In 1914, when the founder of the BSO, Henry Lee Higginson was eighty years old, he wrote to the then members of the BSO concerning the founding of the orchestra. He began by reviewing the two and one half years he spent as a music student in Vienna-the chief result being the discovery that “I had no talent for music.” However this experience created a desire “that our own country should have such fine orchestras” as he had heard in Europe. He returned to Boston, fought in the Civil War, married, became successful in business, and “at the end of two very good years of business began concerts in the fall of 1881. It seemed best to undertake the matter single-handed, and, beyond one fine gift from a dear friend, I have borne the costs alone…It seemed clear that an orchestra of fair size and under possible conditions would cost at least $20,000 a year more than the public would pay. Therefore, I expected this deficit each year…It was a large sum of money, which depended on my business each year and on the public. If the concert halls were filled, that would help me; if my business went well, that would help me; and the truth is, that the great public stood by me nobly.” (1) Perry, pp. 291 and 292)
Boston was ready for this orchestra in 1881 as “forty-years’ preparation of the Boston musical public” had been done by other groups. In 1840 J. S. Dwight had written of a dream of “an orchestra worthy to execute the grand works of Haydn and Mozart.” The Academy of Music concerts in the 1840s led to the Muscial Fund Society and then Germania Orchestra concerts of the 1850s. The building the Boston Music Hall in 1852 led to the orchestra concerts of the Harvard Musical Association and the Philharmonic Society during the 1860s and 70s. The visits of Theodore Thomas’s orchestra to Boston also added to the preparedness for the BSO. (2) Perry, p. 297) But, “The professional symphony orchestra operating on a full-time basis with a series of established concerts running weekly (or nearly so) throughout the winter season from October to April-not an opera orchestra that gives occasional concerts, or a mixed orchestra of professionals with nonprofessionals, or an ensemble that performs monthly or less-is an American invention. Henry Lee Higginson”s creation of the Boston Symphony Orchestra is the earliest full-fledged example.” (3) Ledbetter, Higginson and Chadwick, p. 52)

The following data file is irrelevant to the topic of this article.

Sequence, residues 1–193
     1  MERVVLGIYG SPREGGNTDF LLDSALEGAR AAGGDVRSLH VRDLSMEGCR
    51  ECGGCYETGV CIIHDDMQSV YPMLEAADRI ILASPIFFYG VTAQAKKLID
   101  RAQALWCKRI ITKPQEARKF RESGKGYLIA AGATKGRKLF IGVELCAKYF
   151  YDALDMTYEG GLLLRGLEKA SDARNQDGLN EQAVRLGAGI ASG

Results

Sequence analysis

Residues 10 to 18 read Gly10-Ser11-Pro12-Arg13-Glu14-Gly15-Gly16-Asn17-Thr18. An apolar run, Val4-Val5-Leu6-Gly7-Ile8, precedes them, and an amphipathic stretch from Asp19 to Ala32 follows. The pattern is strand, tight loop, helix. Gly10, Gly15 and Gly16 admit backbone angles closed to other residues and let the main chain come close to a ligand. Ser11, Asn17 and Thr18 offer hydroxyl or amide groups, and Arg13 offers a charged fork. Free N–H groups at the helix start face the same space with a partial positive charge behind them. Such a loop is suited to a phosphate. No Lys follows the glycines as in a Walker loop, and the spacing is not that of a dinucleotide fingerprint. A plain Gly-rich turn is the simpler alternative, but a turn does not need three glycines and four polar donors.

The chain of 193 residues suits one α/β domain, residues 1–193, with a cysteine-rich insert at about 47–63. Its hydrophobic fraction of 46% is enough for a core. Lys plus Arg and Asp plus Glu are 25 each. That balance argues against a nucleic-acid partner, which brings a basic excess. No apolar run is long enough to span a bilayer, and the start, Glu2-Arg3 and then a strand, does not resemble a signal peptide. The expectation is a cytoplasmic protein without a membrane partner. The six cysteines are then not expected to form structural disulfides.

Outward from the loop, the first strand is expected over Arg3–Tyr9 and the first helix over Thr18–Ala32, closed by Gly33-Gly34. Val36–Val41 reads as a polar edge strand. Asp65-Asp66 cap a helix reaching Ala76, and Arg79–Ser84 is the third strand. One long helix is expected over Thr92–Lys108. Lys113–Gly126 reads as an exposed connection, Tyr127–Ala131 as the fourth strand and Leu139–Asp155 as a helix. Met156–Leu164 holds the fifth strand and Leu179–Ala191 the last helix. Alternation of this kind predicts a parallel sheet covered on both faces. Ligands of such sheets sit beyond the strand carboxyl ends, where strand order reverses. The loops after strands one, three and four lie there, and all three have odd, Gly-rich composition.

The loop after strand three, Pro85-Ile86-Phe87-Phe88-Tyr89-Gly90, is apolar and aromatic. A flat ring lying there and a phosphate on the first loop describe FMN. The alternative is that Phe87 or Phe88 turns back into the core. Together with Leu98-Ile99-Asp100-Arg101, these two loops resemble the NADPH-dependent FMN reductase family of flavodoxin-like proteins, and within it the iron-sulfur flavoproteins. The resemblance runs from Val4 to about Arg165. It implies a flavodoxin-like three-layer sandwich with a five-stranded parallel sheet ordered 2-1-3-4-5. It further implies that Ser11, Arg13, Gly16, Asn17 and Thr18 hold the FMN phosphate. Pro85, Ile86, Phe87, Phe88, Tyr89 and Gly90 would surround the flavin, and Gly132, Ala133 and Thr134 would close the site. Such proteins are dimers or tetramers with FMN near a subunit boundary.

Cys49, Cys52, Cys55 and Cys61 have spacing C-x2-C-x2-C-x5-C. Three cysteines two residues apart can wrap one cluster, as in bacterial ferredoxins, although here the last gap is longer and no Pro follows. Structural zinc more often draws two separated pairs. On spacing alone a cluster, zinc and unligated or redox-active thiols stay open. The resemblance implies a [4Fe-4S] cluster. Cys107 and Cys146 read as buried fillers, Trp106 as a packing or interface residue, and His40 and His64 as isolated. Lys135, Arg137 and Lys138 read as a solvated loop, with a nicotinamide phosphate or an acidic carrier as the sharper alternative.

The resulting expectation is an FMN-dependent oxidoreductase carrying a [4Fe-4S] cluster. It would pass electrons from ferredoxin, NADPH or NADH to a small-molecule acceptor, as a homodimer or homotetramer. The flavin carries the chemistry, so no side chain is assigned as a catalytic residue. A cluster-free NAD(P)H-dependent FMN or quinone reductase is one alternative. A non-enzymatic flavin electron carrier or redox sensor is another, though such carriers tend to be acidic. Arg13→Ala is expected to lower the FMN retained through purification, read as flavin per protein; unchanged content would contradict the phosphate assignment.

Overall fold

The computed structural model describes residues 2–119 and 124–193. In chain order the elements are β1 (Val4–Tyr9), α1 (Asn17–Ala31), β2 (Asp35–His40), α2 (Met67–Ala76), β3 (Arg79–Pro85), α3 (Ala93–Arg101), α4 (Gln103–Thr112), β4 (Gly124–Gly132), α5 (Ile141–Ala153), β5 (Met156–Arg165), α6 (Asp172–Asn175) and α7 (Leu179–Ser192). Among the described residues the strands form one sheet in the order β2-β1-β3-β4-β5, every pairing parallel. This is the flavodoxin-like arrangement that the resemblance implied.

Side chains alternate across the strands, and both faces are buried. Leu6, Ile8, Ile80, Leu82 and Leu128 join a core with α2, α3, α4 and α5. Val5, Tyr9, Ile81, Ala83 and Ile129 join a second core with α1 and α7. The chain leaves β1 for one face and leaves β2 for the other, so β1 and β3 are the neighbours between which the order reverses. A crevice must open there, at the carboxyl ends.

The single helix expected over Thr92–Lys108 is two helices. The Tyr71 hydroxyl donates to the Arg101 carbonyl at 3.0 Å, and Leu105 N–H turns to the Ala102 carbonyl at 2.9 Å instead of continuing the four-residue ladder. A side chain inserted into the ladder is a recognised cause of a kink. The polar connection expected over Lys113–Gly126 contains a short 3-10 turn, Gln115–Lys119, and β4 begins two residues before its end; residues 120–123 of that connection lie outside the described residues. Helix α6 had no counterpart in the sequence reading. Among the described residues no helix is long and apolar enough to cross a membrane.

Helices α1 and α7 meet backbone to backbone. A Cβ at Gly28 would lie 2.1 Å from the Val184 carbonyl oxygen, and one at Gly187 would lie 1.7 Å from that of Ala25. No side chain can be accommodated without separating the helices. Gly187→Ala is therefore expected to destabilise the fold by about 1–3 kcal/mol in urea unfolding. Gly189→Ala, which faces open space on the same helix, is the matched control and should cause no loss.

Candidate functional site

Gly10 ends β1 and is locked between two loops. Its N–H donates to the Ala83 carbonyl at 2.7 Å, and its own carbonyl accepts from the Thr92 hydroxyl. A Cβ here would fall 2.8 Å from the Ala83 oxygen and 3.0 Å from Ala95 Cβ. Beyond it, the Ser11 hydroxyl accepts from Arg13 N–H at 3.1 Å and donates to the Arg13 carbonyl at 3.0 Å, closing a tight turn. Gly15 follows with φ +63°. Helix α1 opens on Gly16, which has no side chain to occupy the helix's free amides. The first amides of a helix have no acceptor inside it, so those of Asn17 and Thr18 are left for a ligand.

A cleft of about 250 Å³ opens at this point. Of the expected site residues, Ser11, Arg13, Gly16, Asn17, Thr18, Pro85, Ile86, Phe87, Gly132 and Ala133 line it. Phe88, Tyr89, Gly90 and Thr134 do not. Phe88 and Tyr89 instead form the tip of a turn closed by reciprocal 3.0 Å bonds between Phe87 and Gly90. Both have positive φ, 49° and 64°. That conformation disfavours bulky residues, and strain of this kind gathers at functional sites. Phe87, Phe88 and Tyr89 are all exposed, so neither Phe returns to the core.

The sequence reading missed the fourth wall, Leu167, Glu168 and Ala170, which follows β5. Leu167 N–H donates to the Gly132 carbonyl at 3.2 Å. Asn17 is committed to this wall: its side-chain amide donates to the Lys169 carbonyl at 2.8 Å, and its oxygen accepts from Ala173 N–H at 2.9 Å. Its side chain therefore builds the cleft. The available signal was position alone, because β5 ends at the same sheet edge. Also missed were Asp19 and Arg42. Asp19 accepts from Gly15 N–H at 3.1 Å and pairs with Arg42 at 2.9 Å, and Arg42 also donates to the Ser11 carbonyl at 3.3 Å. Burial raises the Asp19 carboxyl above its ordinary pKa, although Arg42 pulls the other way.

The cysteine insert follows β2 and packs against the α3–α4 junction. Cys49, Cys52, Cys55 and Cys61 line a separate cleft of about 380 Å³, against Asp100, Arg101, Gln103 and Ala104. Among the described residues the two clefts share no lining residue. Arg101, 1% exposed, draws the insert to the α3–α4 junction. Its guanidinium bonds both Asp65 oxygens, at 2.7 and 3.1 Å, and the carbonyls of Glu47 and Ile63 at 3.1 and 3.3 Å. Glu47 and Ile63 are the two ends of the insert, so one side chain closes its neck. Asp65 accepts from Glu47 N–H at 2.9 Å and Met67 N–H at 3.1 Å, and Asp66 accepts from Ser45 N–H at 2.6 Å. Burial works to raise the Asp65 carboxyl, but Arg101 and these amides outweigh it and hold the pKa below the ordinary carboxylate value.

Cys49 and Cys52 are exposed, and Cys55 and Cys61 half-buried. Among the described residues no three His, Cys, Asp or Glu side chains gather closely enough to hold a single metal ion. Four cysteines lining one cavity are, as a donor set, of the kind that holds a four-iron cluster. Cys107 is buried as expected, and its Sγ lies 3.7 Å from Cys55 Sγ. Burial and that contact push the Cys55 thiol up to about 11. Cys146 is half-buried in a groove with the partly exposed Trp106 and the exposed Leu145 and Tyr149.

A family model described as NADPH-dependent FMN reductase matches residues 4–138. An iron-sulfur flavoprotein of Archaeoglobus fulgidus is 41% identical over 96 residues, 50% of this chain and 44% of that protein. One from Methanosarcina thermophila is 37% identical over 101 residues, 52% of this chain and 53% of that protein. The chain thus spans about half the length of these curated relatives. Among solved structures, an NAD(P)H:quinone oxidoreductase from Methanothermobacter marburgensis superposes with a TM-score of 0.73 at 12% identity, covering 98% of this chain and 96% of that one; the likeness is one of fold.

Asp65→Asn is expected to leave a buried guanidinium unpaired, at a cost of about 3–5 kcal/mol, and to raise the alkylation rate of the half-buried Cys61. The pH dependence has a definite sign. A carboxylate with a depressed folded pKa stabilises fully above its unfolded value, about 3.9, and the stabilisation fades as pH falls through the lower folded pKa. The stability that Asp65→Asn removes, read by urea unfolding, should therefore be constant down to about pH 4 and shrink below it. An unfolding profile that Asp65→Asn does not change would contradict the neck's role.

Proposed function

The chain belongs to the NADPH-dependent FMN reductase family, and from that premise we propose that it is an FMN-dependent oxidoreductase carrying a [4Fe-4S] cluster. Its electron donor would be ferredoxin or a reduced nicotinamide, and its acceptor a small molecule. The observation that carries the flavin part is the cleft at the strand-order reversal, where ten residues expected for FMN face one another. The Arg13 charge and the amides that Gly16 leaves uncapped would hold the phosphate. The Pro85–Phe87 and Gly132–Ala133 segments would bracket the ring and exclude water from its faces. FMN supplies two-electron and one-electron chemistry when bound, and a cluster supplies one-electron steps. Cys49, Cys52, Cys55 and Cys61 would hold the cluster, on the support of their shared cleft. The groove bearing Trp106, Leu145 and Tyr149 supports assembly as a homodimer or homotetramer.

The group gave twenty concerts during its first season and increased to twenty-six concerts by its third season. “Since then the regular number has been twenty-four, in addition to public rehearsals.” (4) Mason, p. 190) The early BSO conductors were: George Henschel 1881-1884 (Visitor to Lang’s farm); Wilhelm Gericke: 1884-1889; Arthur Nikisch: 1889-1893(Also a visitor to Lang’s farm); Emil Paur: 1893-1898; Wilhelm Gericke: 1898-1906; Karl Muck: 1906-1908.
During the first years of the Boston Symphony Lang appeared as piano soloist in six concerts during the first five seasons – ’83 and ’84 under Henschel; ’85, ’86, and ’89 under Gericke. He also appeared as an organist during the ’83 Season. (5) Howe, BSO. p. 253) He had been scheduled to perform at the fourth concert of the first season (Rubinstein Piano Concerto No. 3 and piano solos: Prelude in B flat minor -No. 22 of the clavecin bien tempere and the Chopin Scherzo in B flat minor, Opus 31), but illness forced him to cancel. (6) BSO Website)
Soloist Record Book from the BSO. Courtesy of the Boston Symphony Orchestra Archive.
- B. J. had earlier been soloist with the Philharmonic Society of New York. At the second concert of their 35th. Season (1876-1877: of a season of six concerts, one per month from November to April) on December 9, 1876 he was the soloist in the the Concerto #2 in G Minor by St. Saens with Dr. Leopold Damrosch conducting (7) Krehbiel: Phil-Memorial, p. 143) Lang had given the first American performance eleven month’s earlier in Boston with the Harvard Musical Association. (8) Johnson, First Performances, p. 309).
- Courtesy of the Boston Symphony Orchestra Archive.